The results indicated the feasibility of solid-liquid extraction in order to extract the solids from either the beans or the cake. The solid-liquid extraction could be employed as a single-process, or combined with the mechanical pressing, in order to optimize this process in terms of recovery efficiency. As reported in a previous study of this research group (Oliveira et al., 2019c), the oil content of the beans and cake, respectively, were 8.6 and 6.3 %, showing the inefficiency of the pressing process in order to extract the oil (< 30%) from the beans, and consequently, reaffirming the advantages of employing the solvent extraction.

Retention Index (RI)

The retention index (RI) is an important extraction parameter to be analyzed, since it measures the solution adhered to the insoluble solids. This variable substantially impacts the extractors design, as it influences the number of stages of the process and also the solvent recovering stage - the higher the RI, the higher is the operational cost (Rodrigues et al., 2010). The RI is directly related to the solution viscosity, particle size, and to the physicochemical affinity between the solution and the oily matrix (Wlsniak et al., 1987). Regarding this response variable (RI), the ANOVA (Table 2) was significant for the triple interaction (M×S×T), as well as for Γ1. Considering only the interaction amongst material, solvent, and temperature, since the linear factors should not be discussed if the interactions were significant, the results for RI are presented in Table 4, where it is possible to evaluate the behavior of the RI for the unfolding of each independent variable analyzed into the other variables.

Table 4 Retention index (RI) of the solid-liquid extraction process of green coffee beans and its press cake.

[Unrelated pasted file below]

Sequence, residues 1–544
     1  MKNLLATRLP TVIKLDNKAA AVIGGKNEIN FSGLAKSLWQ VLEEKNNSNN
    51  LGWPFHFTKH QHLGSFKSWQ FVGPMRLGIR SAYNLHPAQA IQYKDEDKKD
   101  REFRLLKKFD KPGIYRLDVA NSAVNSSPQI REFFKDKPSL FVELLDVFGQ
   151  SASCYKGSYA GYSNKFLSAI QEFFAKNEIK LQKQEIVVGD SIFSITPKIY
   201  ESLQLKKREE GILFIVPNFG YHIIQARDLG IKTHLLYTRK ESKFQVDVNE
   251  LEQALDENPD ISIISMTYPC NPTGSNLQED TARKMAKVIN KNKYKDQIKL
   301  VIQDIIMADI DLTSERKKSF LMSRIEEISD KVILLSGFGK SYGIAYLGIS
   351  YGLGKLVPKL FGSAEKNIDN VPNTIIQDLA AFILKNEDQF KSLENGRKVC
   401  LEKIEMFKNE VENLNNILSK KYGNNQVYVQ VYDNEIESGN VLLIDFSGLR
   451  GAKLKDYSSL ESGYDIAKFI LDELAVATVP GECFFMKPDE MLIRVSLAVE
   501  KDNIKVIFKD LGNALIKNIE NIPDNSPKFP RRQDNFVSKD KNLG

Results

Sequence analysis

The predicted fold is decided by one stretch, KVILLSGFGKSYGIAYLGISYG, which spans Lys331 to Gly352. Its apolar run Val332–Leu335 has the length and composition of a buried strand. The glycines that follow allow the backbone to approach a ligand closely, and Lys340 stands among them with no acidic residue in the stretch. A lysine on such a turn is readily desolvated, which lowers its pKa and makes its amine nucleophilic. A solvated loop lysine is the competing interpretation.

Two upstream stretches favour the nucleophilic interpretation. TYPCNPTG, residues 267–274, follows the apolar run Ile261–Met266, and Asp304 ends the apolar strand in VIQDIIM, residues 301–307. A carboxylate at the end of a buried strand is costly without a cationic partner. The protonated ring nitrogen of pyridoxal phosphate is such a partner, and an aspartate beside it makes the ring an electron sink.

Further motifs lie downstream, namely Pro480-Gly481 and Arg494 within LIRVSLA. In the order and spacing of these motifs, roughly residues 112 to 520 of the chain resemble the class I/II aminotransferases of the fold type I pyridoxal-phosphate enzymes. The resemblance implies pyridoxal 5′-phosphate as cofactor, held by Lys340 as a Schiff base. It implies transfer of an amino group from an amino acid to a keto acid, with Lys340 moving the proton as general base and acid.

Temperature (°C) RI
Acetone Ethyl Acetate Ethanol
Coffee Beans
35 1.12±0.02b,A,b 1.20±0.24b,A,b 1.36±0.05a,A,a
39 1.03±0.08b,A,b 1.31±0.01a,A,b 1.10±0.07b,A,d
45 1.38±0.26a,A,a 1.39±0.18a,A,a 1.26±0.01b,A,b
51 1.05±0.02b,A,b 1.42±0.16a,A,a 1.04±0.06b,A,d
55 1.01±0.03c,A,b 1.33±0.03a,A,b 1.19±0.01b,A,g
Press Cake
35 0.70±0.06b,B,a 0.65±0.02b,B,b 0.83±0.03a,B,a
39 0.70±0.01a,B,a 0.60±0.04a,B,b 0.66±0.0a,B,g
45 0.60±0.03a,B,b 0.63±0.01a,B,b 0.59±0.0a,B,g
51 0.75±0.01a,B,a 0.75±0.01a,B,a 0.77±0.02a,B,b
55 0.64±0.01a,B,b 0.65±0.03a,B,b 0.70±0.02a,B,b

Mean ± standard deviation (n = 3).

Different lowercase letters in the same row, for each solvent level, indicate significant difference among the treatments by the Scott Knott’s test (p < 0.05) (Solvent unfolding within each temperature and material levels).

Different uppercase letters in the same column, for each material level, indicate a significant difference among the treatments by the Scott Knott’s test (p < 0.05) (Material unfolding within each temperature and solvent levels).

Different Greek letters in the same column, for each temperature level, indicate a significant difference between the treatments by the Scott Knott’s test (p < 0.05) (Temperature unfolding within each material and solvent levels).

It was observed that, for all solvents and temperatures there was a significant difference among the results for the adhered solution mainly for the green coffee beans, with the highest values obtained for this material. Although both materials had a similar composition, the heat treatment and the pressing of the material influenced the retention of the solution, which is interesting, because it indicates that, with application of pre-treatments, there is an improvement in the efficiency of the process.

The higher RI for coffee beans extraction was observed when ethyl acetate was employed as the solvent, at most temperature levels, except at 35 °C, in which the solvent ethanol presented higher RI. Regarding the press cake, only at 35 °C was there a significant difference amongst the solvents; the solvent ethanol presented higher RI at 35 °C. On the other hand, the other solvents showed that they were not distinguishable for this variable.

By unfolding the interaction of each solvent level within each material and temperature levels of the beans extraction, ethyl acetate and acetone showed the best results (lower RI) at the extreme (the lowest and the highest) temperature levels; ethanol, however, followed the expected trend, where the lowest content of solution adhered to the raffinate was verified at the highest temperatures. This same behavior of the solvent ethanol was observed for the press cake; acetone showed the lowest values of RI at 45 and 55 °C.